Remittances – good news for government


By Mike Wootton

Money sent to the Philippines by Filipinos working abroad is officially now running at around $22 billion a year, representing 10 percent of Philippine gross domestic product (GDP), and is forecast to increase. And this may be but a fraction of the total money earned abroad, which is brought back and spent in the Philippines as other money will be “imported” via informal means (carried in suitcases or not transmitted via the banking system). Whether or not this money should be counted into GDP at all rather than gross national product (which includes remittances sent from abroad) is a debatable issue, given that GDP is the value of domestic production, but let that pass for the moment.

The Philippines diaspora, the senders of all this money are about 10 to 12 million, and if we assume an average family size back at home of a conservative four people, then this $22 billion is supporting half the population. Consumption accounts for 75 percent of GDP and as little (other than food and housing) actually originates and/or is manufactured here, then much of the spending on consumption is on imports—which in goods are the purchases of choice anyway. So remittance money increases imports and if not invested and most of it is not, because on an individual basis there is not enough of it to invest other than perhaps in buying a small house or condo, detracts from the development of any new business and consequent job creation (on the assumptions that; business start-up loans are available which they are generally not, and if the market is taken up by imports, then there is less motivation for starting manufacturing in the Philippines).

Working overseas remitting the earnings is necessary to ensure the survival of those who are left behind (in a nation where 28 percent of the population are living below a ridiculously low poverty line of less than $1 a day). In particular, it contributes to obtaining services like health care and education, as well as covering the basic necessities of food and shelter. Thus, if it is supporting half the population, it relieves government of providing basic services such as housing, health care and education, and no urgency will be seen to provide these as long as the remittance money keeps rolling in. Remittances have also the added benefit of providing lots of foreign exchange.

If remittance money is saved and invested (in some form of properly organized scheme for example) in industrial development that will create jobs and manufacturing capability, thereby lessening the need for imports, it can be a marvelous contributor to making the Philippines a better place. To be able to use $22 billion a year toward industrialization, decent work and opportunity creation in the Philippines would be a substantial contribution from the private sector and without any necessity to include the banks.

Compared to the remittance flows, any likely foreign direct investment or overseas development aid contributions pale into insignificance, both areas contributing only 10 percent or less of the amounts of the remittances. Unfortunately though, it cannot work like that, and it cannot work like that because government does not do its job in providing basic necessities for the citizens, people have to do it themselves, because of the business environment new business start-ups are just too difficult and almost certain to fail, and not least there is a cultural propensity for succumbing to the urge to get the “sparkly” items so much advertised and so readily available in the plethora of shopping malls, and which are often more attractive ways to spend money than on life’s necessities—economy based on an ever increasing consumption of imports! The potential to use remittance money for real industrialized economic growth is further narrowed by the fact that so many of those who have left the Philippines to support their families by contributing to the economic growth of other nations, are the educated and experienced Filipinos whose skills and overseas earnings are needed if the Philippines is to develop its own industrial and manufacturing economy.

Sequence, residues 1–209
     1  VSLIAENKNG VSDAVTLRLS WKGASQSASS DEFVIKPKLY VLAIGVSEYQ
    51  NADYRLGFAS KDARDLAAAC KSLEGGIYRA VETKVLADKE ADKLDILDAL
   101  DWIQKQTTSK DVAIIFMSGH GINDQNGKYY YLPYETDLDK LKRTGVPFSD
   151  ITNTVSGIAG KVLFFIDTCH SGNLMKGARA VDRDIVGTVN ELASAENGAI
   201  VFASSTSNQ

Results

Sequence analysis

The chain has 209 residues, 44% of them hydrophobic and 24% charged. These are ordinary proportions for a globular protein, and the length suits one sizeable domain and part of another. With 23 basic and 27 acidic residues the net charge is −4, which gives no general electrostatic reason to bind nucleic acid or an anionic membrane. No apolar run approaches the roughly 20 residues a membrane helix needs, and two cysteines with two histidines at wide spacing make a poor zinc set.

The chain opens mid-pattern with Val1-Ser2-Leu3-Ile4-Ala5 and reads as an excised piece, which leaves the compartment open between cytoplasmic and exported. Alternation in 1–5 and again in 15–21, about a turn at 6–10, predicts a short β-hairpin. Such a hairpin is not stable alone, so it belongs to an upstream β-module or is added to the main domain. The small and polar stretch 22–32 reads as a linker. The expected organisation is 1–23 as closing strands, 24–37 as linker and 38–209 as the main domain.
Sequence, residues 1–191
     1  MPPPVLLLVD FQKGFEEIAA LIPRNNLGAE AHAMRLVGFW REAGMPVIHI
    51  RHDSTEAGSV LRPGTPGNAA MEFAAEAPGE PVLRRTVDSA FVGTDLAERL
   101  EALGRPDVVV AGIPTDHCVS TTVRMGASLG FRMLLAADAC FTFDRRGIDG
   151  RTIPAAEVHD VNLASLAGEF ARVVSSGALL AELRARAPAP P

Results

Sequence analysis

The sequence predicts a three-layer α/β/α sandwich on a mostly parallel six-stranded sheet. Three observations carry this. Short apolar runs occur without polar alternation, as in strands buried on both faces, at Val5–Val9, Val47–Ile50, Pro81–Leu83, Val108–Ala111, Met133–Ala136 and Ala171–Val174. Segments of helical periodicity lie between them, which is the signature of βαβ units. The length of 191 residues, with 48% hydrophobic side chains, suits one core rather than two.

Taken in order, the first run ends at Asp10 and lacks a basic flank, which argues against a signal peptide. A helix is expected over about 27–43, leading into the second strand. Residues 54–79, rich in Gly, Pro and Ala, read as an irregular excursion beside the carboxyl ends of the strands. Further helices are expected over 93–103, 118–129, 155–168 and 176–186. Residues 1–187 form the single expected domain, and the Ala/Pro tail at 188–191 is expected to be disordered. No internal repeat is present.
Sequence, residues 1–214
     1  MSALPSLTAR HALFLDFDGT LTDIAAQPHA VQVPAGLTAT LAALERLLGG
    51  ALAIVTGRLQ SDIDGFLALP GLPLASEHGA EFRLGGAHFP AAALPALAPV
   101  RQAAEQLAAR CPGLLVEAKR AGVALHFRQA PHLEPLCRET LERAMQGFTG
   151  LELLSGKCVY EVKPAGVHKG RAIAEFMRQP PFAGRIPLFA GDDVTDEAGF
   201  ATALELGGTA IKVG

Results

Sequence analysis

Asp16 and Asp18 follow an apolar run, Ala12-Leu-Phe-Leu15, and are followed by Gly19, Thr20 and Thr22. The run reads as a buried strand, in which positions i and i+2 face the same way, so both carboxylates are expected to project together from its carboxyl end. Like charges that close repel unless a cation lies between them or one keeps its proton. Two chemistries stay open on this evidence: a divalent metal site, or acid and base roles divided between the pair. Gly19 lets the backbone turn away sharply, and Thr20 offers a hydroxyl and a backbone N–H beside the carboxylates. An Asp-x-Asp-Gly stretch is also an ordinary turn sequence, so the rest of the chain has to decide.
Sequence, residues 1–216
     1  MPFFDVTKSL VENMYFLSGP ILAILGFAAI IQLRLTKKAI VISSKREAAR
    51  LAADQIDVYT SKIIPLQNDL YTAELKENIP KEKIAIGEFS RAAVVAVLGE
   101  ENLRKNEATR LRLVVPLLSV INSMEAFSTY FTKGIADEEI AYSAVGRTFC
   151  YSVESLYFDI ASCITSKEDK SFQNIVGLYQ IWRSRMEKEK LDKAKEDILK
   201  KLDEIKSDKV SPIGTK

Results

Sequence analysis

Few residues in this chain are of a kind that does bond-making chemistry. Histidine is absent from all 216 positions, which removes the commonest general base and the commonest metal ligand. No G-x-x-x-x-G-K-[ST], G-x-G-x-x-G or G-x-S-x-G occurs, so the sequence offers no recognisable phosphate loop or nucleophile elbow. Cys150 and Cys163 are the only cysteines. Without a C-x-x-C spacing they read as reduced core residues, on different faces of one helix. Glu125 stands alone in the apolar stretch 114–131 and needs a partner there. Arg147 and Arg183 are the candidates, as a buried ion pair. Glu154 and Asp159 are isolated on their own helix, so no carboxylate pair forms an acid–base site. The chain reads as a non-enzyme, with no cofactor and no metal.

It is a trap a real “Catch 22.” The overseas Filipino workers (OFWs) cannot return to the Philippines, because there are not nearly enough decent jobs (another government failure) so to be here would put themselves and their families on the street, and without the ability to use the 10 percent of GDP for development investment, it is highly unlikely that there ever would be enough decent work to allow these people to contribute. The money earned abroad which subsidizes the government allows those who actually have access and use of government money to more freely use it (for whatever personally aggrandizing means they may desire) without having to bother about providing any necessities for the citizens.

Frankly, it is no wonder that the OFWs and diaspora are so revered by various Philippine presidents, they are excusing them from billions of dollars’ worth of public responsibility, including avoiding the tiresome and difficult necessity of having to try too hard to make jobs and an industrial base at home.

Many times, I have heard overseas Filipinos say, “I want to come back, to retire to the Philippines and perhaps even invest.” To come back to retire if they have the savings is clearly a nice thing to do. To invest, in terms of starting some form of business is not a good idea (and lots of overseas Filipinos are aware of this), but yes, buy a house or a new condo, use the electricity and the toll roads, go to the malls then we have added another consumer or two to the market, so those who control the Philippines business should be happy.

Mike can be contacted at


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